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For Immediate Release
October 15, 2014

Bat exposes two people and puppy to rabies in Charleston County

COLUMBIA, S.C. - Two people have been recommended to receive post-exposure treatment after being potentially exposed to a rabid bat in the West Ashley area of Charleston County, the S.C. Department of Health and Environmental Control reported today.

A nine-week-old puppy belonging to a West Ashley family was found with a bat in its mouth on Oct. 10, 2014. The owner of the puppy and another family member removed the bat from the puppy's mouth with their bare hands. After being submitted to DHEC for testing, the bat tested positive for rabies on Oct. 14. The two family members have been recommended to undergo post-exposure treatment. The puppy is too young to have been vaccinated prior to the incident, requiring it to undergo a 180-day quarantine.

"Unvaccinated pets that are exposed to the rabies virus must be quarantined for 180 days or be euthanized," said Sandra Craig of DHEC's Bureau of Environmental Health Services (BEHS). "Rabies is fatal once the virus reaches the brain, yet the heartache of losing a pet to this disease can be avoided. DHEC-sponsored rabies clinics are offered across the state by local veterinarians each spring, and low-cost vaccines are available every day at local veterinary clinics.

"Talk to your veterinarian to determine when you should vaccinate a young puppy or kitten, as well as when to schedule a booster," she said. "Puppies and kittens younger than twelve weeks are often not eligible for vaccination.

"Rabid bats have been known to transmit the virus to humans and pets," Craig said. "Bats have very small, sharp teeth, so people might not realize that they have been bitten. If you find a bat in a room where someone has been sleeping or where unattended children have been playing, please contact DHEC immediately. To reduce the risk of getting rabies, we recommend that people avoid wild animals acting tame and tame animals acting wild. About 275 South Carolinians must undergo preventive treatment for rabies every year, with most exposures coming from bites or scratches by a rabid or suspected rabid animal. Wild animals contract the disease most often, but domestic pets can contract rabies as well.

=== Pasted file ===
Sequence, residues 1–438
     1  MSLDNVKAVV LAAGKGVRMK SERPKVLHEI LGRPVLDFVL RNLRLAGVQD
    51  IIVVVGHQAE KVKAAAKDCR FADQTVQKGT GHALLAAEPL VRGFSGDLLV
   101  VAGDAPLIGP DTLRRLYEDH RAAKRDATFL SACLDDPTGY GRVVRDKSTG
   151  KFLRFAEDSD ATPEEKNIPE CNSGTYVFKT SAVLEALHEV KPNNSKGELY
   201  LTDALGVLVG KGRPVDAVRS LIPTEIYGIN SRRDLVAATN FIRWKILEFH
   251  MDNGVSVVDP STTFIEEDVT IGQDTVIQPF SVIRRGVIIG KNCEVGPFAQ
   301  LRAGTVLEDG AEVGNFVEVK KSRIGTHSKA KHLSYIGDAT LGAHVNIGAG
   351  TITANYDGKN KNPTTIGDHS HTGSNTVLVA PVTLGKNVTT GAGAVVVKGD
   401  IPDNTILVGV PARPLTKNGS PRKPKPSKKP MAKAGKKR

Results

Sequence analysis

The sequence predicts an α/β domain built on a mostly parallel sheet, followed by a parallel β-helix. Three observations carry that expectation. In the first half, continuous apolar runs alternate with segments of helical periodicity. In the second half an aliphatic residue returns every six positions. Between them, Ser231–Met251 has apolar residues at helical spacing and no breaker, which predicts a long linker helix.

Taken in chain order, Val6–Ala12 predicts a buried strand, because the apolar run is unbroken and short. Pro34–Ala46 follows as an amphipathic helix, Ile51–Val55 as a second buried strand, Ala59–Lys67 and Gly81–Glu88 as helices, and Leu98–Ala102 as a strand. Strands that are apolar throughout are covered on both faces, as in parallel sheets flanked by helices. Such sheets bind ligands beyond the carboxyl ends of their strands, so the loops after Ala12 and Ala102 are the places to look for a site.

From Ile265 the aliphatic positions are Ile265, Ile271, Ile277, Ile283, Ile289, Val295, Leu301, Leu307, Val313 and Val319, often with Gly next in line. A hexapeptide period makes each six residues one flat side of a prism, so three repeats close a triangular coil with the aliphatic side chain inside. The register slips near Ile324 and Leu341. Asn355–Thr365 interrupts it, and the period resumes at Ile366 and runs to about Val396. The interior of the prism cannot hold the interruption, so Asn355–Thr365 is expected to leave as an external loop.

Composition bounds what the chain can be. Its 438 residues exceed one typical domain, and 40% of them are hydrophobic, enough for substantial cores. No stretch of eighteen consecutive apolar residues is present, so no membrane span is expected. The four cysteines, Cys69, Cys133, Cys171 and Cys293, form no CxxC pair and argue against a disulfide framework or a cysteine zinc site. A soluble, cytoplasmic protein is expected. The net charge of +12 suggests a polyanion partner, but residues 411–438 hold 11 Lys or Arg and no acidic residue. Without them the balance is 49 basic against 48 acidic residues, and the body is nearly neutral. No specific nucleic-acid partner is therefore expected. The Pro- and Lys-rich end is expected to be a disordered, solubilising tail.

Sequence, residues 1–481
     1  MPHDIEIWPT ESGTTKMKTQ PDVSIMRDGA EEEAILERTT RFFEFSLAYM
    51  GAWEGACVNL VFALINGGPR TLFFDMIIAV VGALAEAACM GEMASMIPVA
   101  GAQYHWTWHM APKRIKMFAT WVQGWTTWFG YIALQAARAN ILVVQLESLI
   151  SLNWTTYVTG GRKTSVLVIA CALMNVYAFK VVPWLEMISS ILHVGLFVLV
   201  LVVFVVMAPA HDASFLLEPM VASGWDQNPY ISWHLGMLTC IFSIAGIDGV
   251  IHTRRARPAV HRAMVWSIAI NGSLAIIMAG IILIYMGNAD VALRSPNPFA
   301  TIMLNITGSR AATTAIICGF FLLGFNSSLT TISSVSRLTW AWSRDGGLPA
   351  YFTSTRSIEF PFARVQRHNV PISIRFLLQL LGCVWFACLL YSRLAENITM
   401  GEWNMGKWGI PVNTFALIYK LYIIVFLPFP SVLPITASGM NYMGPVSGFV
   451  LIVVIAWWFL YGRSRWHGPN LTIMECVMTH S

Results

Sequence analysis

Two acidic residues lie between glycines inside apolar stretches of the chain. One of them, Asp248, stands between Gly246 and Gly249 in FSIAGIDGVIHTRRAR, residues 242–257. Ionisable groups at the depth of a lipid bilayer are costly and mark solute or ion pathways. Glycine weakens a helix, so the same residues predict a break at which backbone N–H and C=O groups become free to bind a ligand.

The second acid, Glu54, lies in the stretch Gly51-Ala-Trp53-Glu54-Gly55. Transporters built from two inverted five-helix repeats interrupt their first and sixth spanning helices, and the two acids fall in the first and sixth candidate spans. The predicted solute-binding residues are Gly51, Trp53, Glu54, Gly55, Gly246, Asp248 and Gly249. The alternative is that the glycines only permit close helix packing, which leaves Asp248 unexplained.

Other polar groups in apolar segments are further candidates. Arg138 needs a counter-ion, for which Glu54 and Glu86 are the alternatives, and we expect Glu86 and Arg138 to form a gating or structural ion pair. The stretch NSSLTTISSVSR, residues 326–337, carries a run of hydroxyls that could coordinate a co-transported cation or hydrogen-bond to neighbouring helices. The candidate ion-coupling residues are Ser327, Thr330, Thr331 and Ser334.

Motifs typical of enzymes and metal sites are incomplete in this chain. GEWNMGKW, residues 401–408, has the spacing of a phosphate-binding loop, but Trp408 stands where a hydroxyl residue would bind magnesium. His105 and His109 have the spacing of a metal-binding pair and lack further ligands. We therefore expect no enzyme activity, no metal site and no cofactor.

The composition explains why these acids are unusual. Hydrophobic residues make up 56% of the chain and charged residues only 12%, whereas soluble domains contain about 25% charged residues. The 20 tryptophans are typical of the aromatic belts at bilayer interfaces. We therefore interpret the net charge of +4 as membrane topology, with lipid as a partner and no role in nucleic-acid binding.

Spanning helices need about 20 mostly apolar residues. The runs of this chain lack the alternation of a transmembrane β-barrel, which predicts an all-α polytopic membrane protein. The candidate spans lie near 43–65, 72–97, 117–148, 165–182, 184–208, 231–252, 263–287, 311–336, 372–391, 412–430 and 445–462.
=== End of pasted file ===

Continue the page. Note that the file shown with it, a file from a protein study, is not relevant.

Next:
"If you think you have been exposed to the rabies virus through a bite, scratch or the saliva of a possibly infected animal, immediately wash the affected area with plenty of soap and water," Craig said. "Be sure to get medical attention and report the incident to DHEC."

There were 124 confirmed cases of animal rabies during 2013 in South Carolina. There have been 116 confirmed cases in animals statewide this year. This animal is the first to test positive in 2014 from Charleston County. There were four animals that tested positive for rabies in Charleston County in 2013.

For more information about rabies, see DHEC's webpage at or contact your local DHEC BEHS office at The Centers for Disease Control and Prevention's rabies webpages can be found at: For CDCs information on bats and rabies, also visit:


Jim Beasley
Public Information Director